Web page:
- 250 g fresh silverbeet, chopped
- 2 onions, finely chopped
- 2 tomatoes, finely chopped
- 1 teaspoon cracked pepper
- 1 lemon
- 500 g plain flour
- 150 ml (¾ cup) extra virgin olive oil
- 1 teaspoon salt
- 150 ml (¾ cup) water

Put the chopped silverbeet, onions and tomato in a bowl and season with cracked pepper. Squeeze half a lemon over the top and mix well. If you are adding extra ingredients, make sure not to add too much and overpower the main ingredients. I would only add 40-50 g of fetta cheese and 20-30 g of chopped black olives.

Place the flour, olive oil and salt in a bowl and mix as you slowly add water. Knead the mix until it is smooth and silky. This type of dough should be elastic and smooth. Once the dough is ready, roll out in a 1-2 mm thick sheet using a rolling pin. The sheet will need to be thick enough so that it holds its shape when it is folded. Cut the sheet into 14 cm squares. Use a basting brush to wet the outer perimeter of one square with milk. Place some of the mix in the middle of the square, enough so that you can pull up the four corners to a point, enclosing the filling. Squeeze the edges of the pastry together on the four diagonals, sealing the pyramid. Repeat the basting and filling process for each square and use the remaining dough to make more squares. If you have some filling left over you can use this to make a delicious omelette: just mix in enough eggs and fry in a non-stick pan.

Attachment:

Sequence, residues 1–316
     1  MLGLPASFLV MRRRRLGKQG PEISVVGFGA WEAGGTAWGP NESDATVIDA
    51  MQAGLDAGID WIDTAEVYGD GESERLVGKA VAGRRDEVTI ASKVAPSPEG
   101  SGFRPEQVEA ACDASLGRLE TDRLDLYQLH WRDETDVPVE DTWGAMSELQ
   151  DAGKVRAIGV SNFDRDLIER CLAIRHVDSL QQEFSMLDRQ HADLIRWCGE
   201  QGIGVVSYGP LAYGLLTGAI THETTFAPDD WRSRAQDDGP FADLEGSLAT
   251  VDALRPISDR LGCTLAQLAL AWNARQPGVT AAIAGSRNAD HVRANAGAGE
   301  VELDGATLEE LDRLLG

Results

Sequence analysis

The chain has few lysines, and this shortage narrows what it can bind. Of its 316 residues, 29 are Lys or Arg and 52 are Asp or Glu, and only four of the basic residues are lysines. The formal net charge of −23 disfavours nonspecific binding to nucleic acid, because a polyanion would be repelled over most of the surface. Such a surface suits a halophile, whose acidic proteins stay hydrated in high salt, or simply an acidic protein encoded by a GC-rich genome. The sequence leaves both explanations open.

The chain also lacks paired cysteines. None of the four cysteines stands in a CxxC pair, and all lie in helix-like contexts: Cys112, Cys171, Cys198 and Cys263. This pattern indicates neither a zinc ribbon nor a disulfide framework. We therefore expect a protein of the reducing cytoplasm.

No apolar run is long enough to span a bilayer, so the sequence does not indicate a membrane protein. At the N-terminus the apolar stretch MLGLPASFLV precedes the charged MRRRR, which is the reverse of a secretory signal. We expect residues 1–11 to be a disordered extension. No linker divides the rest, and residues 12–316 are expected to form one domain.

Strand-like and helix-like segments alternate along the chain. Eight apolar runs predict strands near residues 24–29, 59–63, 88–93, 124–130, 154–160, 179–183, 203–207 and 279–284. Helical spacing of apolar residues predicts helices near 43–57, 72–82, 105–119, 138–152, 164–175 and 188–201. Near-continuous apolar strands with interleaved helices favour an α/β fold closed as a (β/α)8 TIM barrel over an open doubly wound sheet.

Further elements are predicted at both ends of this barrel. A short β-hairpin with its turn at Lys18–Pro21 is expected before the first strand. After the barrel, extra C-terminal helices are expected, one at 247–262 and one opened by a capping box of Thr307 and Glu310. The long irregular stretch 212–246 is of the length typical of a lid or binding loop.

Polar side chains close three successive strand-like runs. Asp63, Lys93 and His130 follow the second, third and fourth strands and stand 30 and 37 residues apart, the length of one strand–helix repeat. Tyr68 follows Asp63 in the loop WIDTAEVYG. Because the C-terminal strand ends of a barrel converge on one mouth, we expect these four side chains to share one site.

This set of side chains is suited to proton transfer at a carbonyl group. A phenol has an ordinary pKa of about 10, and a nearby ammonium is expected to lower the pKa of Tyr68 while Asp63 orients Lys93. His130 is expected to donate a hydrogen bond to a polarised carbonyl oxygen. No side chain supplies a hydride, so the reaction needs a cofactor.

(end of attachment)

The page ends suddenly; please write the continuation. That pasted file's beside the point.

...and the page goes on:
Grease and flour an oven tray and bake the pyramid parcels at 180-200°C in a preheated oven until they have golden brown peaks. A temptingly delicious fatayer can be eaten hot or cold.

Mjudrah, lentil porridge

Serves 3–4 people
Mjudrah is traditionally served alongside a garden-style salad with fresh-picked herbs.

- 2 cups (400 g) brown lentils
- 2 large onions, sliced
- olive oil for frying
- ¼ cup (50 g) white rice
- 1 level teaspoon rock salt

Wash and cook the lentils in plenty of water until the skins are falling off. While the lentils are cooking, fry the onions in olive oil until caramelised. Drain and reserve the water from the cooked lentils.

Blend the lentils into a smooth paste using a blender or food processor. Strain this mixture to remove any skins and place into a deep pan. Add 1-1½ cups of the saved lentil cooking water, depending on how thick the mixture is. At this stage the mixture should be reasonably wet as the rice will still need to cook. Add the salt and pepper and slowly bring to a simmer. Add the rice and cook for 5-6 minutes or until cooked. When hot it will be sloppy, so when it sets it's more like a grainy rice pudding.

Serve the mjudrah in one big dish or several small dishes, topped with the caramelised onions. The mixture will set once it has cooled and is traditionally served cold.

These recipes are an extract from Lebanon to Ghana: The food I grew up with, by Robert Bousamra, Big Sky Publishing, available for $24.99 in hardcopy, or in digital format from Amazon and iTunes.